The Other McCain

"One should either write ruthlessly what one believes to be the truth, or else shut up." — Arthur Koestler

The Fake Ukrainian Ledger Angle: How the Media Colluded With the ‘Deep State’

Posted on | June 22, 2019 | Comments Off on The Fake Ukrainian Ledger Angle: How the Media Colluded With the ‘Deep State’


Look at the date on that New York Times story — how did it happen that, in August 2016, Ukraine’s “newly formed National Anti-Corruption Bureau” took an interest in Donald Trump’s campaign manager and these reporters had no trouble finding sources in Kiev telling them all about these “ledgers”? What that just a coincidence? Or does it seem to you more likely, as Ace of Spades suggests, that this story was about protecting the interests of the U.S. political establishment?

Remember, it was critical to Hillary Clinton that the FBI have active investigations opened into the Trump campaign, because she had a high profile investigation into her own actions, and she desperately needed to be able to play the They Do It Too Card.

Do you believe in coincidences like that? A powerful politician needs to smear her opponent and — oh, what a coincidence! — sources direct reporters for the New York Times to the Ukraine, where investigators cite a “secret ledger” that appears to prove wrongdoing by the opponent’s campaign manager. Well, guess what? Three years later, we discover that (a) the “ledger” was probably a forgery, and (b) the FBI was actively engaged in feeding this stuff to the media:

In search warrant affidavits, the FBI portrayed the ledger as one reason it resurrected a criminal case against Manafort that was dropped in 2014 and needed search warrants in 2017 for bank records to prove he worked for the Russian-backed Party of Regions in Ukraine.
There’s just one problem: The FBI’s public reliance on the ledger came months after the feds were warned repeatedly that the document couldn’t be trusted and likely was a fake, according to documents and more than a dozen interviews with knowledgeable sources. . . .
Manafort’s Ukrainian business partner Konstantin Kilimnik, a regular informer for the State Department, told the U.S. government almost immediately after The New York Times wrote about the ledger in August 2016 that the document probably was fake.
Manafort “could not have possibly taken large amounts of cash across three borders. It was always a different arrangement — payments were in wire transfers to his companies, which is not a violation,” Kilimnik wrote in an email to a senior U.S. official on Aug. 22, 2016. . . .
[T]he FBI and Mueller’s office did not cite the actual ledger — which would require agents to discuss their assessment of the evidence — and instead cited media reports about it. The feds assisted on one of those stories as sources.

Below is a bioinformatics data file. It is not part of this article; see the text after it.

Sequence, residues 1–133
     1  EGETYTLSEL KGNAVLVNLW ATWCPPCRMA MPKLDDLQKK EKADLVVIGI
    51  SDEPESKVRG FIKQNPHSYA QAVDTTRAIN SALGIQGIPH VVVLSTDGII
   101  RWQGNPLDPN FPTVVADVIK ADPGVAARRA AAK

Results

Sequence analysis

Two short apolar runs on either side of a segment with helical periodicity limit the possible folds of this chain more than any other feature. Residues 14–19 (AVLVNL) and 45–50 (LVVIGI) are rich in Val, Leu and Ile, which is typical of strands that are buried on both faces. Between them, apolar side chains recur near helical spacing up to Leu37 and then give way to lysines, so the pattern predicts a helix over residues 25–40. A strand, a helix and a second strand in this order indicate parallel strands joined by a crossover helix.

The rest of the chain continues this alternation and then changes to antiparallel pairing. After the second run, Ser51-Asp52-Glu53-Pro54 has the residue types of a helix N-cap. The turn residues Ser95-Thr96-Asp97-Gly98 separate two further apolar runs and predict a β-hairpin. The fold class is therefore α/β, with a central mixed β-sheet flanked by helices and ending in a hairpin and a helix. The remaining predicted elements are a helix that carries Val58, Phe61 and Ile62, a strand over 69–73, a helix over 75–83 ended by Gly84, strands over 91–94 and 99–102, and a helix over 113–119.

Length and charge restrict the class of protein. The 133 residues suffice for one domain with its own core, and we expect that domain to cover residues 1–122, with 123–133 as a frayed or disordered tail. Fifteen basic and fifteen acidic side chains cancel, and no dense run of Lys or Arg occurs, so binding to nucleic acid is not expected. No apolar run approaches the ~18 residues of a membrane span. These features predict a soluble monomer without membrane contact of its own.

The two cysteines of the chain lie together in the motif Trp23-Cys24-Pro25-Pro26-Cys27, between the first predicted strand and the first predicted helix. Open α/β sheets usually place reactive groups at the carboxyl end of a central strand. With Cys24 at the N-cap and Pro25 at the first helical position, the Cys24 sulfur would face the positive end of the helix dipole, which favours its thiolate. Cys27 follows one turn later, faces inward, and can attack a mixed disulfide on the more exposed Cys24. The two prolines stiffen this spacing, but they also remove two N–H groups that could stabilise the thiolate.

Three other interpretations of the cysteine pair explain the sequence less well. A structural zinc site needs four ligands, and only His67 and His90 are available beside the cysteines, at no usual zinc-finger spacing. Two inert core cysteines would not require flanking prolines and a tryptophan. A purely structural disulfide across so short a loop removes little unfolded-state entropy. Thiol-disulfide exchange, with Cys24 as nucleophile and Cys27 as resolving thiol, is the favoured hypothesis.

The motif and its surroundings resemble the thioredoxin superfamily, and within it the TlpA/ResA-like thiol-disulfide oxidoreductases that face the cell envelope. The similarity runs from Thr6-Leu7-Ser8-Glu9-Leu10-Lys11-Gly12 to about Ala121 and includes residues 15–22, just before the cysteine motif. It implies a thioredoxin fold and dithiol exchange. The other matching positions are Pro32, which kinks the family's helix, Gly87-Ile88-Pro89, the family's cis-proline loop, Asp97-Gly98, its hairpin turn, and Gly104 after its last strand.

For example, agents mentioned the ledger in an affidavit supporting a July 2017 search warrant for Manafort’s house, citing it as one of the reasons the FBI resurrected the criminal case against Manafort.
“On August 19, 2016, after public reports regarding connections between Manafort, Ukraine and Russia == including an alleged ‘black ledger’ of off-the-book payments from the Party of Regions to Manafort — Manafort left his post as chairman of the Trump Campaign,” the July 25, 2017, FBI agent’s affidavit stated.
Three months later, the FBI went further in arguing probable cause for a search warrant for Manafort’s bank records, citing a specific article about the ledger as evidence Manafort was paid to perform U.S. lobbying work for the Ukrainians.
“The April 12, 2017, Associated Press article reported that DMI [Manafort’s company] records showed at least two payments were made to DMI that correspond to payments in the ‘black ledger,’ ” an FBI agent wrote in a footnote to the affidavit.
There are two glaring problems with that assertion.
First, the agent failed to disclose that both FBI officials and Department of Justice (DOJ) prosecutor Andrew Weissmann, who later became Mueller’s deputy, met with those AP reporters one day before the story was published and assisted their reporting.
An FBI record of the April 11, 2017, meeting declared that the AP reporters “were advised that they appeared to have a good understanding of Manafort’s business dealings” in Ukraine.
So, essentially, the FBI cited a leak that the government had facilitated and then used it to support the black ledger evidence, even though it had been clearly warned about the document.
Secondly, the FBI was told the ledger claimed to show cash payments to Manafort when, in fact, agents had been told since 2014 that Manafort received money only by bank wires, mostly routed through the island of Cyprus, memos show.

So, Manafort was forced to resign from the campaign after someone fed this fake “secret ledger” story to the New York Times and then, in order to justify search warrants for Manafort’s bank records, the FBI leaks more “secret ledger” stories to the media, then cites those stories as “evidence” to claim probably cause on the warrant application. I’m not a lawyer, but it seems to me the people responsible for this need to be prosecuted to the fullest extent of the law. This kind of “Deep State” stuff — government bureaucrats acting improperly to exercise a corrupt political infleunce, and exploiting the news media in the process — is why every American should be glad Hillary lost. If she had won, we never would have learned what kind of shenanigans were going on at the FBI.



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